All said and done, the Lion Lights system is simple by design, affordable, easy to manage and is a valuable tool in the conservation toolkit for reducing predator – human conflicts on community lands.

Lions give sight back to many!

The recently concluded eye clinic conducted on Eselenkei and Olgulului Group Ranches of Amboseli was very successful! The clinic, sponsored by Kenya Wildlife Trust and MEAK, in conjunction with the Lion Guardians program and tourism partners Gamewatchers Porini camp and Tortilis camp, was a benefit provided to people from both Group Ranches for their tolerance of lions, in particular, and other wildlife species, in general.


An acknowledgement letter with signatures and thumbprints of the patients who attended the eye clinic.

Phase One of the event was a screening process where a team of eye doctors traveled to several sites within both group ranches and treated over 500 patients with a variety of less invasive methods such as administering eye drops. These initial screenings led to Phase Two where more than 50 patients received much-needed eye surgery to correct more severe ailments at the eye clinic held in southern Olgulului. Before each patient was treated, they were asked to sign a letter acknowledging that they understood that the treatment and benefits they were about to receive, were because of their tolerance of lions and peaceful coexistence with wildlife.

Even though this was the first event of its kind for all the participating organizations, the smooth and organized manner in which it was conducted left many amazed and inspired. But by far the most inspiring outcome of the clinic was the beaming smiles on the faces of patients, the majority of whom got their sight back after years of blindness or partial blindness! Women, men, young, old, educated, and not, were all welcomed and operated on by professional doctors at the Esiteti Primary School where two classrooms had been transformed into a hospital ward.

Moonka Olting’idi, now 62 years old, was a true Maasai warrior in his youth. He had killed a record nine lions to prove his bravery. But for the last four years, Moonka had become completely blind and in fact, had to be led around by one of his children. After the operation, as his face creased into smiles, he happily announced that he could see the foot of Mt.Kilimanjaro which was almost 20 kilometers from where we were! He then added ‘I regret having killed lions in the past, but now I will pass the message to my children never to kill lions again because they have given me my sight back’. (Watch this video of Moonka talking about how Lions gave him his sight back)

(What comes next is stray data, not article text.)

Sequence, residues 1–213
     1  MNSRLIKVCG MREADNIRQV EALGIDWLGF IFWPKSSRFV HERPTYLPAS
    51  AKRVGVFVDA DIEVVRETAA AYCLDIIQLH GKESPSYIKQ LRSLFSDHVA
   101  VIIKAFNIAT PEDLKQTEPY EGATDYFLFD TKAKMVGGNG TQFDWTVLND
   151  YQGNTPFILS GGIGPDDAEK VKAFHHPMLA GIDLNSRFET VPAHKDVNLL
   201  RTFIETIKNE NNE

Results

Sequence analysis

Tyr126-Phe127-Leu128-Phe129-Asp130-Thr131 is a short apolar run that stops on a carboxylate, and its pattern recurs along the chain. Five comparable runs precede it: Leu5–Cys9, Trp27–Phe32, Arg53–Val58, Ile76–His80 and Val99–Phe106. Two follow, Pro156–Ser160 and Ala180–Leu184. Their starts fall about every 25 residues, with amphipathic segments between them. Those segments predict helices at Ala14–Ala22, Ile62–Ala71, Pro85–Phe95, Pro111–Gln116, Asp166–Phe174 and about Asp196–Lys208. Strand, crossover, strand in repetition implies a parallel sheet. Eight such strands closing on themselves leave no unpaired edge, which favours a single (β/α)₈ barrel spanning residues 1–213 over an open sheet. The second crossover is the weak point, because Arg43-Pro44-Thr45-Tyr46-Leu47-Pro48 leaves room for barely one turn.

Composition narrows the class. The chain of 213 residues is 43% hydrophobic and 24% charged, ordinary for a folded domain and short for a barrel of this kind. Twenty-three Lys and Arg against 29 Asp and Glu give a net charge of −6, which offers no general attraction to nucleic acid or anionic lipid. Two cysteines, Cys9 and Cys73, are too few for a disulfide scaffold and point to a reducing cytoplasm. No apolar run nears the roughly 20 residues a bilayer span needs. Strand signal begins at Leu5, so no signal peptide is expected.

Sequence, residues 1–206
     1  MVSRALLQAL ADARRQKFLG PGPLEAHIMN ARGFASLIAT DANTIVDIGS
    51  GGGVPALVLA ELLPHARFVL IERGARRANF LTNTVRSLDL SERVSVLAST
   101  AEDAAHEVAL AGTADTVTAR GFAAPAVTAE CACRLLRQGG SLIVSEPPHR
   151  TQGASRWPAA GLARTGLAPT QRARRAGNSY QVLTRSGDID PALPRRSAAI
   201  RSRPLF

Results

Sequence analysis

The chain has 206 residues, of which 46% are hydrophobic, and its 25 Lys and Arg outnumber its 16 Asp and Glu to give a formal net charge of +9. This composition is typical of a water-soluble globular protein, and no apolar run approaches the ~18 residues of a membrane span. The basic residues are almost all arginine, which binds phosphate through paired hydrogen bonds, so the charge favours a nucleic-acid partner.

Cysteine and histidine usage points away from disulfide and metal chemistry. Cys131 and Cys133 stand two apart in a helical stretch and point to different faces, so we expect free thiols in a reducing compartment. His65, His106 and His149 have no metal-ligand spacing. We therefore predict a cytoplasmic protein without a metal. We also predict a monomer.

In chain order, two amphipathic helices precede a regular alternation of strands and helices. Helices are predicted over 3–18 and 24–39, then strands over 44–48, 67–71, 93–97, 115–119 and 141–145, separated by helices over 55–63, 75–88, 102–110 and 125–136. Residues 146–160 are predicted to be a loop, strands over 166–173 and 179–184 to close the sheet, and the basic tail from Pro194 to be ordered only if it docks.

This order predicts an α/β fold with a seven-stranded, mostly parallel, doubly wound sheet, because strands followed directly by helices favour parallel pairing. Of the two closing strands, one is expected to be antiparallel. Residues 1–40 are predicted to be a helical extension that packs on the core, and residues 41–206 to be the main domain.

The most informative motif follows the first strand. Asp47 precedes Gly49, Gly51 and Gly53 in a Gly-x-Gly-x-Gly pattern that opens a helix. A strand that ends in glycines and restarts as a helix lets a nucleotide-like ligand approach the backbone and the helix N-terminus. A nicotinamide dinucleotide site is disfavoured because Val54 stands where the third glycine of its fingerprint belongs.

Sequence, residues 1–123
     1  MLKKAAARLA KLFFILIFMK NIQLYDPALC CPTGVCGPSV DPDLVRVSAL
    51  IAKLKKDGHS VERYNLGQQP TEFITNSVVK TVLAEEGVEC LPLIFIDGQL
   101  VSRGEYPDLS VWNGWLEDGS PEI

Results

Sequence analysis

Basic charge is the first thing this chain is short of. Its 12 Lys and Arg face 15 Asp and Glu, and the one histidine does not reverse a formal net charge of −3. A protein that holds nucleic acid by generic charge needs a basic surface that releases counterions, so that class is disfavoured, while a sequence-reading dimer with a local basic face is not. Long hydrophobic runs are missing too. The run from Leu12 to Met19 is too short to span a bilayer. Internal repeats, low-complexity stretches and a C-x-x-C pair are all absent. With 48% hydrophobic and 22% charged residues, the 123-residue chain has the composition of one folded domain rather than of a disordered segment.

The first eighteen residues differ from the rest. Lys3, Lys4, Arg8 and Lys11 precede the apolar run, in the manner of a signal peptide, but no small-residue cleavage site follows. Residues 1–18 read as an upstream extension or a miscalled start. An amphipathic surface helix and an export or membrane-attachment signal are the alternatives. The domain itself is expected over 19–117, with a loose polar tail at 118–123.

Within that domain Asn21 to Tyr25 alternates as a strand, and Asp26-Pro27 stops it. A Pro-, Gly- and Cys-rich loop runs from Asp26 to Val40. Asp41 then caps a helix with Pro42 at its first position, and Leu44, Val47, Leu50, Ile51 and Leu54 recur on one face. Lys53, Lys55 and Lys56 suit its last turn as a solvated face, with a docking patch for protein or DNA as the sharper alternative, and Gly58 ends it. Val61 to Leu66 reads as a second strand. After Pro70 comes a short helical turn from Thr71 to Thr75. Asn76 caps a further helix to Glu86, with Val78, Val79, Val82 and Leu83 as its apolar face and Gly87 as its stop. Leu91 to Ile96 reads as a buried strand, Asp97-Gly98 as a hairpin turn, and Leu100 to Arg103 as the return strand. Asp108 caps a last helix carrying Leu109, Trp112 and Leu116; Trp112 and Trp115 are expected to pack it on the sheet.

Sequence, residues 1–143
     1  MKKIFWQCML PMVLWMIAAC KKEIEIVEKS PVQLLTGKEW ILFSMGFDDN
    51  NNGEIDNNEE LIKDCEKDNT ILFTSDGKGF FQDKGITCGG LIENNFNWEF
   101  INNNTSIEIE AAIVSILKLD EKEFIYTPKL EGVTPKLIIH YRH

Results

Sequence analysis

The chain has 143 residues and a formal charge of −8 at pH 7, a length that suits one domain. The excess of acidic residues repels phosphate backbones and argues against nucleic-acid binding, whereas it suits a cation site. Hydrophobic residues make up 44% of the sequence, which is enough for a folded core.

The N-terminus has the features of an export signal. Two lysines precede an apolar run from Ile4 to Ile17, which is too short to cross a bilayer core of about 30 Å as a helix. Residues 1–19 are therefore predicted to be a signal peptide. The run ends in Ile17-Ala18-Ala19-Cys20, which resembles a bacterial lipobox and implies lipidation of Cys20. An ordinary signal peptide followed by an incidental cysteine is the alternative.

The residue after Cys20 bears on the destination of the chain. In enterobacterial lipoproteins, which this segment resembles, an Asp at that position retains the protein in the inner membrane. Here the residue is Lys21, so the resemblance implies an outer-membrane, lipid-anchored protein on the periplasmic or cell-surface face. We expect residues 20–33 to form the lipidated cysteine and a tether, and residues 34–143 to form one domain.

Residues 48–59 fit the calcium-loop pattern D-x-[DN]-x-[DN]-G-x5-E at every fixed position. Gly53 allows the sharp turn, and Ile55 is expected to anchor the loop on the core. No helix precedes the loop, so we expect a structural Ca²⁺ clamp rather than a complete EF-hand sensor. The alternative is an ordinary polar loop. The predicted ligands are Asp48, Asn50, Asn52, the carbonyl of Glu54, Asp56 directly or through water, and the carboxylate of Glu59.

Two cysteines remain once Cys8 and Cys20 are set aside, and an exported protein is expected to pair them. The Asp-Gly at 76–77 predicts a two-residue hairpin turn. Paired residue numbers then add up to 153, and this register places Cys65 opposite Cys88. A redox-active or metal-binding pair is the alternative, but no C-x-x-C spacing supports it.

Linkoe Orkolui, a young pupil at Loirero Primary School, had a cataract in her right eye that made it very difficult for her to read anything written on the blackboard. This impacted negatively on her general performance in school. Amid many fearful tears and after much persuasion, Linkoe underwent the cataract removal surgery. Once the bandages were off, her tears turned into an unforgettable smile and Linkoe immediately joined the pupils in Esiteti Primary to exercise her reading prowess.

These are just two of the many inspiring stories we heard from patients that were treated at the eye clinic.

On one of the days, the patients and pupils gathered in a darkened classroom-turned-theater to watch the Lion Guardians film during their lunch-hour.They all enjoyed it so much that we played it twice as more and more people gathered to see the film and be part of the excitement.


Patients, teachers, students and doctors gathered to watch the Lion Guardians film

The manner in which the Lion Guardians program, Kenya Wildlife Trust, MEAK, Tortilis, and Gamewatchers handled their respective responsibilities left many community leaders and other stakeholders in awe. The organizations also received a lot of appreciation from patients, their relatives, and all community members who witnessed the successful outcome of the operations.

In the next couple of days, a follow-up team will visit all patients that were treated to remove stitches from trachoma patients, assess their condition, and attend to any other eye related problems. We will continue to update you with inspiring stories as more community members begin to “see” the benefits that come from peacefully coexisting with lions!

Official Opening Ceremony: LG Training Center

On the 2nd of November, 2013 a sherehe (Swahili for celebratory gathering) was held to officially inaugurate the new Lion Guardians Training Camp at Nairrabala, Kenya.  Amongst the honored guests were the chairman, secretary and treasurer of Olgulului Group Ranch, several chiefs from the Amboseli area, KWS Senior Warden and the Community Warden, the District Commissioner’s office, and various conservation partners which operate on Olgulului Group Ranch, including representatives from Big LifeAfrican Wildlife Foundation and the School for Field Studies. Also, many members of the local community of Nchakita, were present, including women representatives, influential elders and the new warrior age set, the ituati also graced the occasion. All in all, there was a crowd of approximately 70 celebrators, including the Lion Guardians team.

Leela and Wilson Muli (Chief of Lenkism Zone, Olgulului Group Ranch) chat over a cup of chai